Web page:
We read and review for the love and joy of books.
Note: This review is for the audiobook and the rating reflects the impact of the narrator.
Of the fifteen hundred books I’ve read in the M/M genre, I can honestly say that this is the first time I have ever had tears rolling down my cheeks as I came to the end of the story. Yes, I’ve felt joy and sadness and shed tears as I read other stories, most often somewhere in the climatic culmination of the storyline, but this time the tears came at the end, and they were from a combination of both the happiness I felt for the MCs and the absolutely poignant sorrow I felt for the man who wrote the letters contained in the “tin box”.
When William Lyon comes takes a job as caretaker at the abandoned Jelley Valley State Insane Asylum, which was the largest mental hospital in California for over a century, he thought he’d find peace and solitude to work on his doctoral dissertation and heal from the recent breakup of his marriage. William is gay and he’s finally admitted it out loud, but he has no idea of what to do about it. He’s just planning to focus on work while he waits for the divorce to be final.
But two things happen to disrupt his plans. The first is that he meets Colby Anderson, a young and flamboyant gay man who happens to be the assistant postmaster and general store clerk. Colby is everything William would never want to be, yet William is immediately attracted to this fun-loving man, who takes him in hand to teach him about the world of gay men. Starting with introducing him to M/M romance novels and porn, and moving onward to going out to a gay bar in a nearby town, Colby shakes up William’s world. But they do become friends, and William starts to realize that he cares more for Colby than he thought he could. And Colby? He cares for William but puts a distance between them when he realizes his attraction because he wants William to have time to sample what’s out there and discover his personal type without Colby hampering his efforts.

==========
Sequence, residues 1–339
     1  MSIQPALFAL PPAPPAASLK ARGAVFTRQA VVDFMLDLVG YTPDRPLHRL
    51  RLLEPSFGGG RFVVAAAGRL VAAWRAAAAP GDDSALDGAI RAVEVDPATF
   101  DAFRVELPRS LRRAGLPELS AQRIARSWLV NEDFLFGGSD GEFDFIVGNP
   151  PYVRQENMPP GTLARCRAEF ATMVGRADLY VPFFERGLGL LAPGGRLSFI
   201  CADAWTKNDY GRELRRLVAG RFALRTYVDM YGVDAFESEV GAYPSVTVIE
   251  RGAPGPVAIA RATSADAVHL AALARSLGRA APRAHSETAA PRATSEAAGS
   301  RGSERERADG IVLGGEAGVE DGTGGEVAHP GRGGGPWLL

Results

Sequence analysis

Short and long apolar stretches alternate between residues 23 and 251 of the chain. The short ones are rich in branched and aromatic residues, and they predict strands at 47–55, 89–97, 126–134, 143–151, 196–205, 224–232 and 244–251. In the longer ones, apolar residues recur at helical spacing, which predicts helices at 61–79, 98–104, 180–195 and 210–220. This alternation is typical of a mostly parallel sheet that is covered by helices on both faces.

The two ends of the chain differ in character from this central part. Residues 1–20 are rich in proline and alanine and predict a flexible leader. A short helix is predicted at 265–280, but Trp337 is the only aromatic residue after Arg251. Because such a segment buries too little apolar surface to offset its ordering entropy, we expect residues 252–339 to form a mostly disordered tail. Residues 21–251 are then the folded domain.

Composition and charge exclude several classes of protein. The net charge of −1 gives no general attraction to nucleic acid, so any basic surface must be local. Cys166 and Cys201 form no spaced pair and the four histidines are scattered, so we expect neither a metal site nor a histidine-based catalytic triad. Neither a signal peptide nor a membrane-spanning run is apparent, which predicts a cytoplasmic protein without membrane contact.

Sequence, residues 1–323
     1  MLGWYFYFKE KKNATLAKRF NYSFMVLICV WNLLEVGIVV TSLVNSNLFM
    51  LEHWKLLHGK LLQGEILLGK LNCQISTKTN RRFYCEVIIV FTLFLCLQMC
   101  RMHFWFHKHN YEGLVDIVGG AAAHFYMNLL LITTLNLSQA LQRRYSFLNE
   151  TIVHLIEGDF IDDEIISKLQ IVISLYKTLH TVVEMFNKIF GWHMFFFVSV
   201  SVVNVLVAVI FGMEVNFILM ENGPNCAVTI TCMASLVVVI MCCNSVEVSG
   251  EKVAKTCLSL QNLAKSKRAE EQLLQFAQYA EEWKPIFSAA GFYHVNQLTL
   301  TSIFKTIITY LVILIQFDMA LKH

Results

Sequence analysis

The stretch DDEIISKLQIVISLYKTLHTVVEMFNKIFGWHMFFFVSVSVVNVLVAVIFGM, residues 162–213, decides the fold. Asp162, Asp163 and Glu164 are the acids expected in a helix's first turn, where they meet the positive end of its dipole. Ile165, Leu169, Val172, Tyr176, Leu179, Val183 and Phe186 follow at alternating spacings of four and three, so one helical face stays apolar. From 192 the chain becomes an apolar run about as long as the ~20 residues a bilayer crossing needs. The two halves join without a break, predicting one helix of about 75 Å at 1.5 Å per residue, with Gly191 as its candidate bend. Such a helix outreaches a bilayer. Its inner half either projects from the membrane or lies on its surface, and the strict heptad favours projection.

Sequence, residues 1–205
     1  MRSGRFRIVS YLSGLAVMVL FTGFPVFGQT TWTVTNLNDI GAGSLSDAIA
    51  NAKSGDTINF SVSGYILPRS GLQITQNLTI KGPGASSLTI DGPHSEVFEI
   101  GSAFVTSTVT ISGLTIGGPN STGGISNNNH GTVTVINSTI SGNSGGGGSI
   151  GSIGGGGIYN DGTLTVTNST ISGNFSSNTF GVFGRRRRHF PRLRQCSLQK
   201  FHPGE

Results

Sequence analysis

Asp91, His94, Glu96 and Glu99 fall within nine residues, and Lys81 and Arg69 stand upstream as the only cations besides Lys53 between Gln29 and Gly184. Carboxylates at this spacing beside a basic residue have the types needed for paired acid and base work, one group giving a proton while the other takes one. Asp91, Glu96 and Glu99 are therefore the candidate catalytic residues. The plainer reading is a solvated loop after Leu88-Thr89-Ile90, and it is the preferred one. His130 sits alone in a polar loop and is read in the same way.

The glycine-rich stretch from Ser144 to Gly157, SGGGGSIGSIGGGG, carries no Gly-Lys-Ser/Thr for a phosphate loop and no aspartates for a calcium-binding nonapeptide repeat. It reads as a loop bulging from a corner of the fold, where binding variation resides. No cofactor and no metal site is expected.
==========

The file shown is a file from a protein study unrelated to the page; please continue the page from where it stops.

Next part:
The second thing that shakes up William’s world occurs concurrently with his buildup of friendship with Colby. It’s the discovery of a tin box in the wall of one of the former patient rooms. The box contains letters from a patient named Bill to his lover, Johnny. The letters start in 1938 and span four years, with each one telling of Bill’s heartbreak and need to get back to Johnny. He speaks of his love, and he speaks of the horrific treatments he’s given to cure him of sexual depravity and homosexuality. The letters taper off shortly after Bill mentions the name of a treatment he’s about to get. William’s research reveals that the treatment is now known as a frontal lobotomy.
I loved the story, both the contemporary romance between William and Colby, and the story of Bill, a lonely gay man pining for his lost love. The research William and Colby undertake to find out more about Bill and Johnny and the facts that are revealed about treatment of homosexuality serve to make this story personal, powerful, and meaningful. It’s a story I am unlikely to forget and one that I will highly recommend to others.
So why 4 hearts? I hated the voice the narrator, KC Kelly, gave to Colby. The voice was soft and lispy and so totally campy, it was downright offensive. This narrator does not have the vocal range of others I’ve heard and certainly does not have the type of voice that can convey Colby’s youth and energy. I would be embarrassed to let someone think I recommended listening to his vocalization of Colby so I absolutely do not recommend the audiobook version of this story. The story should be rated at 5 hearts or more. It was that good! The narration is a one, if that. In good conscience, I can’t downgrade the rating that others perceive as the story’s rating so I simply went down one point. I highly recommend this book, in e-book format, to anyone who is interested in the history of the treatment of homosexual men in the 20th century and, of course, to those who want a sweet romance coupled with a potent message.